Bill that ends penalties for small amounts of marijuana heads to governor’s desk

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On Thursday, the Delaware Senate passed (13-7) HB 371 — a bill that would legalize possession of up to one ounce of cannabis for adults 21 and older. The bill now heads to Gov. Carney’s desk, where its fate is uncertain.

HB 371 does not legalize or set up a regulatory framework for adult-use cannabis sales. Those provisions are addressed in separate legislation, HB 372, which is still awaiting action in the House.

The bills were separated after HB 372 failed to get the required three-fifths majority required for passage. HB 371 requires a simple majority. All Senate Republicans voted no.

Sen.Colin Bonini, R-Dover, who has indicated that he supports legalization, claimed the bill would simply enrich drug dealers. An amendment Thursday from legalization opponent, State Sen. Bryant, R-Seaford, that would delay the bill’s implementation until a test is found for impaired driving was defeated by a lopsided margin. Opponents have long argued that a reliable test is needed.

One Democrat, Bruce Ennis voted against the bill.

“Following years of advocacy, Delaware is closer than ever to finally ending the failed policy of prohibition, a move that has widespread support among Delawareans. However, with neighboring states moving forward with legalization, now is the time to get this legislation over the finish line,” said Olivia Naugle, a senior policy analyst at the Marijuana Policy Project.

It is estimated that Delaware could realize more than $40 million in annual tax revenue from the regulation and taxation of legal cannabis. Also, a poll conducted by the University of Delaware showed that 61% of Delawareans support cannabis legalization.

Opponents continue to cite issues like the effects on minors and impaired driving issues. Marijuana remains illegal for minors.

The revenue bill faces a lack of enthusiasm from Gov. Carney, who saw flaws with a previous bill. Carney could veto the bill and anger fellow Democrats or he could let it become law without signing it.

Most states that have legalized marijuana had an advisory or referendum vote from residents. Delaware has no such mechanism, allowing legislative opponents or members swayed by arguments of corporate interests to keep votes below the three-fifths threshold.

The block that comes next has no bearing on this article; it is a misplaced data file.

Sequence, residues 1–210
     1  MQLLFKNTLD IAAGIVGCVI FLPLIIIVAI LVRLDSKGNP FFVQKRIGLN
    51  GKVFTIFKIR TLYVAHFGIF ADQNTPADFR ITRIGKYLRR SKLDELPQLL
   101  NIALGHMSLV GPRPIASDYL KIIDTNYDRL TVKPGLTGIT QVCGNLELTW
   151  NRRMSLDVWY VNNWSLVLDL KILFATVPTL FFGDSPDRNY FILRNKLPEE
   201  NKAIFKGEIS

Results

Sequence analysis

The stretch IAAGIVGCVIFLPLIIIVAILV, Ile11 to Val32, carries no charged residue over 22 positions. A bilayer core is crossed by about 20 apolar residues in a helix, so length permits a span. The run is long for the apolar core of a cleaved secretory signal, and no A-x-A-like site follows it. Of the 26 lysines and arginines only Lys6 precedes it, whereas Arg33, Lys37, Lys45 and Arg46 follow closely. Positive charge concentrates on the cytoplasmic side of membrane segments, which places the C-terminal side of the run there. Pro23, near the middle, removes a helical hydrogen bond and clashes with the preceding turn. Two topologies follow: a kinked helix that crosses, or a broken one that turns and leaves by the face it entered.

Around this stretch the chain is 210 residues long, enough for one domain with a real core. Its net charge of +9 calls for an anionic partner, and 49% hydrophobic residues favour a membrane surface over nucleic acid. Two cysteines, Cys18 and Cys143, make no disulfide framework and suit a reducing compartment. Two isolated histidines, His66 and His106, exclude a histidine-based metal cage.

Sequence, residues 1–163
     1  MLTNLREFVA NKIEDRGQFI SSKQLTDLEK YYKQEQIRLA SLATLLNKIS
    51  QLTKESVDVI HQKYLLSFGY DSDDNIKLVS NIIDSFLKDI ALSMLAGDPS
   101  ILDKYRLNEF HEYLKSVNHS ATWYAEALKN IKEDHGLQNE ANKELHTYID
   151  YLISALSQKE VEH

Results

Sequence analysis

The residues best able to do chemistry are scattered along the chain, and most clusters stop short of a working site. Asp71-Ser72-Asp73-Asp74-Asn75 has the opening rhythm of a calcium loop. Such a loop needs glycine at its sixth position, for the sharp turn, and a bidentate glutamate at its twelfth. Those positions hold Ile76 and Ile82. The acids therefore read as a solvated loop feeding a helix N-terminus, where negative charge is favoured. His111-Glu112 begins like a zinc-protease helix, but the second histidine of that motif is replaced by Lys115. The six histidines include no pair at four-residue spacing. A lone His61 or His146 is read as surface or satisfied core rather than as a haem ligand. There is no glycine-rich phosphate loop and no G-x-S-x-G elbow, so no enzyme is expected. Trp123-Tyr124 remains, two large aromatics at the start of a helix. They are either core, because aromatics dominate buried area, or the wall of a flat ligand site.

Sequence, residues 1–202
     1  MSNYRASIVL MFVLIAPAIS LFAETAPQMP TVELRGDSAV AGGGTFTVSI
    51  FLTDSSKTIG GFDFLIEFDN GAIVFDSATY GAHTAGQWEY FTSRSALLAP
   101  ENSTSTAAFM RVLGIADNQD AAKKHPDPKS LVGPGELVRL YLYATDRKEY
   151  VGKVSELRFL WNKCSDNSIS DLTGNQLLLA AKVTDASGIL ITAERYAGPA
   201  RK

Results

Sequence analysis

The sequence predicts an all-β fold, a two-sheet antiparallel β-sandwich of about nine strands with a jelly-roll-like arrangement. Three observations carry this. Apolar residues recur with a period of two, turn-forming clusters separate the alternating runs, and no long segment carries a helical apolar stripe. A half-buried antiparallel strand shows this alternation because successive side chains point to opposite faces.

Corporate marijuana has a heavy presence in the state through its medical marijuana dispensaries and is hoping to cash in on legalization. Small medical marijuana businesses are just beginning to open stores.

So far, 18 states and Washington, D.C. have legalized cannabis for adults 21 and older. In neighboring New Jersey, adult-use cannabis sales began in April. Several other states are seeing possible approval.

The Marijuana Policy Project added the recent traffic stop of a bus carrying the Delaware State University lacrosse team to its arguments for legalization.

The team was subjected to a search of items in the luggage compartment as the team’s bus passed through Georgia, with a deputy saying that the men and their dog were looking for marijuana.

Carney and Delaware’s Congressional delegation have condemned the search, with the Georgia sheriff defending it, despite a video that contradicted some of his claims.

According to the project, data analyzed by the Stanford Open Policing Project found that in the first two legalization states — Colorado and Washington — have seen decreases in traffic searches, which are disproportionately performed on vehicles with Black or Latino drivers. The same is true for prison sentences for those possessing marijuana. The data compiled by Stanford researchers shows searches dropped by about half in Washington and Colorado since legalization.